Lexicon Pharmaceuticals (NASDAQ:LXRX) has been through its share of makeovers. Still, no one who remembers its birth as a genetic engineering company before the 2000 biotech boom and bust could have predicted that it would end up a rare disease player.
Yet this is how things have turned out, with Xermelo yesterday getting the US green light for carcinoid syndrome diarrhoea. Unusually for a drug treating a rare disease Xermelo went through a relatively large development program, including three pivotal trials and over 600 patients, and its approval represents a triumph of dogged determination.
Whether long-suffering Lexicon investors share this view is another matter; the group was down 2% this morning, and while the stock has done well over the past couple of years its long-term performance is poor. It is a sad footnote that, since being founded in 1995, Lexicon has burned through some $1.2bn of investor cash.
Work on Xermelo, which contains the active small molecule telotristat ethyl, earlier coded LX1032, has been under way for at least 10 years. At one point Lexicon was developing it under a venture with Symphony Capital; this was later wound up, with Lexicon buying out its final obligations last October.
Carcinoid syndromes occur in some patients with rare carcinoid tumors, and the diarrhoea symptom is usually treated with somatostatin analogues. When these no longer work patients have few options, and it is here that Xermelo comes in as the first approved oral therapy.
The drug works by inhibiting tryptophan hydroxylase to reduce production of 5-HT, elevated levels of which are thought to be associated with carcinoid diarrhoea. It had been due an approval decision last November, but the FDA delayed the action date, resulting in final approval coinciding with yesterday's Rare Disease Day.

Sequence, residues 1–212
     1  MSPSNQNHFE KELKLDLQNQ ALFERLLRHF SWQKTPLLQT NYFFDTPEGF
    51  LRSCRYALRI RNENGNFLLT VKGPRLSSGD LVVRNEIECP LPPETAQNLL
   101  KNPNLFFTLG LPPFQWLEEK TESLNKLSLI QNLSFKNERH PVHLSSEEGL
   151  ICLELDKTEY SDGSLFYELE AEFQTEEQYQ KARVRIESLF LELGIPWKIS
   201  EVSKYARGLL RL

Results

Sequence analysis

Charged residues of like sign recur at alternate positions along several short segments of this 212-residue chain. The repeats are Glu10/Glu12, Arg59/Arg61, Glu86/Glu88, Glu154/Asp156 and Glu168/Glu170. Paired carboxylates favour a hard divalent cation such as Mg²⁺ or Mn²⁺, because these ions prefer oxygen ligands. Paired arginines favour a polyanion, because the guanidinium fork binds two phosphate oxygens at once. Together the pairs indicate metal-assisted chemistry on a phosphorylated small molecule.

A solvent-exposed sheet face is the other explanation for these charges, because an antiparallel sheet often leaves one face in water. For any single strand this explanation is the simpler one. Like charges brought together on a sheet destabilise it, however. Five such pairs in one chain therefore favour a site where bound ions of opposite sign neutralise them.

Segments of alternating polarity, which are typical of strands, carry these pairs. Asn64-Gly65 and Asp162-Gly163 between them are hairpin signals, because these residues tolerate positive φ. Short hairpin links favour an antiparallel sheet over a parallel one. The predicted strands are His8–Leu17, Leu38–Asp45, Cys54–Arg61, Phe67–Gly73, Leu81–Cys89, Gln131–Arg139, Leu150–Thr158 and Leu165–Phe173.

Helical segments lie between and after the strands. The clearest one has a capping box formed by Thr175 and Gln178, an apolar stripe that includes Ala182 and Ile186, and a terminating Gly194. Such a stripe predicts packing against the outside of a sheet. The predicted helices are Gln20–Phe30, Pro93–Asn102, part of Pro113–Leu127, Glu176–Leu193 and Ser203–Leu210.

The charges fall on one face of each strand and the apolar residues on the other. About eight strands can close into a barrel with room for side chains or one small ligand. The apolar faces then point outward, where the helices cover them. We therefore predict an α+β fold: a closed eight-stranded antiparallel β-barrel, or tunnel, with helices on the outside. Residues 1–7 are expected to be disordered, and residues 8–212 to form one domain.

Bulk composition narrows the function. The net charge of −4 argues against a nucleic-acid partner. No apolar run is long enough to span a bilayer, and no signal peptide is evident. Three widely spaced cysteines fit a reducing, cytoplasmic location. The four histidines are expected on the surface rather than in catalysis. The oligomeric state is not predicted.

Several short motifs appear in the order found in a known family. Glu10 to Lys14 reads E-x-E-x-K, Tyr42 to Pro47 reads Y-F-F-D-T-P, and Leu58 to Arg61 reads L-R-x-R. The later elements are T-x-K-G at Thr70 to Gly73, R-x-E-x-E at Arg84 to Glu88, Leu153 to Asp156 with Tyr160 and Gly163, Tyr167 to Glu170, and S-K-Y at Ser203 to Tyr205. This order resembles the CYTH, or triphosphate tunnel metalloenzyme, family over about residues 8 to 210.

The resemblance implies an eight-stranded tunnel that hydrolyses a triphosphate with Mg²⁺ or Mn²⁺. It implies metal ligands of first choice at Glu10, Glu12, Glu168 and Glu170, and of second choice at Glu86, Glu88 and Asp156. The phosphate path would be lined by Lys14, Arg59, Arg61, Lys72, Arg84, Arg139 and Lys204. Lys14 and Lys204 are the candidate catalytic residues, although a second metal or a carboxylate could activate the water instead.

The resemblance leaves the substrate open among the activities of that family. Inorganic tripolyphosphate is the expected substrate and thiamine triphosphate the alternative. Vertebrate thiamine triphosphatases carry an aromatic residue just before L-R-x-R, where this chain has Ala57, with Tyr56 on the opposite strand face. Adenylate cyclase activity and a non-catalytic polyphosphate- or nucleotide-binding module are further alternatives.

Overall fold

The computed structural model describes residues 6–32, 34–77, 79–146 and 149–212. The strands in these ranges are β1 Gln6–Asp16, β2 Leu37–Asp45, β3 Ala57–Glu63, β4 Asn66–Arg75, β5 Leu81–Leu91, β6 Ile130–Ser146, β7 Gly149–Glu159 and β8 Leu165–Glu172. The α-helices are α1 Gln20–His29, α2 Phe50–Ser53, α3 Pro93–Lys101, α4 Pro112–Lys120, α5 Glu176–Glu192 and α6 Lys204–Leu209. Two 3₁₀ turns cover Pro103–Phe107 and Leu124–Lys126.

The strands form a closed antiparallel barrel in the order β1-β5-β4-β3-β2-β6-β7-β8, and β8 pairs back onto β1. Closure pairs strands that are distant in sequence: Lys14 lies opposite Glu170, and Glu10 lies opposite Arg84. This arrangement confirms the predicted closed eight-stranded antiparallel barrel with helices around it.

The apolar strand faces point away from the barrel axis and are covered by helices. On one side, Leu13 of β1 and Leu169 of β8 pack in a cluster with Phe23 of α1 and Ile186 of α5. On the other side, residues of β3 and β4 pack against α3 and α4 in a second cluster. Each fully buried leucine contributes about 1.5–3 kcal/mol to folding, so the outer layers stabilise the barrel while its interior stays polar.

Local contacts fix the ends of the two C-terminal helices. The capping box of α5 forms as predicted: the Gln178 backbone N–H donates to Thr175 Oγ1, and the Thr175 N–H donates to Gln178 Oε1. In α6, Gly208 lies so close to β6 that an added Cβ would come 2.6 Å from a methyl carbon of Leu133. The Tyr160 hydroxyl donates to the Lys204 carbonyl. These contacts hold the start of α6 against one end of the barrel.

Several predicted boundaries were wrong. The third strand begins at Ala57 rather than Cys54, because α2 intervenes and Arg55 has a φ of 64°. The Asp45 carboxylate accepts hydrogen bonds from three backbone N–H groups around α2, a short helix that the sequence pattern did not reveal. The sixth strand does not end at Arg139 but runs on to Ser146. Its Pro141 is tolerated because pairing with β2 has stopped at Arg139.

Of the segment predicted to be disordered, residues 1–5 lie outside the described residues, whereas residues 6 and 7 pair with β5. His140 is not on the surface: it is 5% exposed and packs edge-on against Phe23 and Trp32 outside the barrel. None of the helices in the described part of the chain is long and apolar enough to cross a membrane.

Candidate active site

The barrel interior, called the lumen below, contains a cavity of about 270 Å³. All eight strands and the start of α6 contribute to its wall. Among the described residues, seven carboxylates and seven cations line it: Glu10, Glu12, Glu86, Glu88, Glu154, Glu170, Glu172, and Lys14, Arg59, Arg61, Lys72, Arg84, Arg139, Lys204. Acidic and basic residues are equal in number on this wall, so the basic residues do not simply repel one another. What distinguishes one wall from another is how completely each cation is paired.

Approval is based on the double-blind Telestar trial, in which patients on Xermelo plus somatostatin analogues had 1.5 to 2.1 fewer bowel movements a day after 12 weeks versus somatostatin analogues alone. The Telecast trial looked at less sick patients, and Lexicon reckons that these could also be treated given the breadth of Xermelo’s label.
Xermelo is approved in a 250mg dose; a third phase III study, Telepath, is exploring expanded treatment with Xermelo given at 250mg and 500mg three times daily.
EvaluatePharma sellside consensus sees Xermelo’s global revenue reaching $345m in 2022, though Lexicon reckons it will sell $350m in the US alone at peak; outside the US and Japan Xermelo is licensed to Ipsen, and it has been filed for EU approval.
While it might be Lexicon’s first approved drug, the company looks like it will not switch to rare diseases as a primary focus – its remaining pipeline assets are in diabetes and analgesia. Lexicon had earlier moved away from genetic engineering towards drug development, and then embarked on a protracted search for a licensing partner for its lead diabetes asset, sotagliflozin.
With Sanofi coming on board at last for sotagliflozin in 2015, cutting Lexicon a $300m cheque in the process, the group could afford to turn its immediate focus on Xermelo. After 22 years things are finally coming together for Lexicon.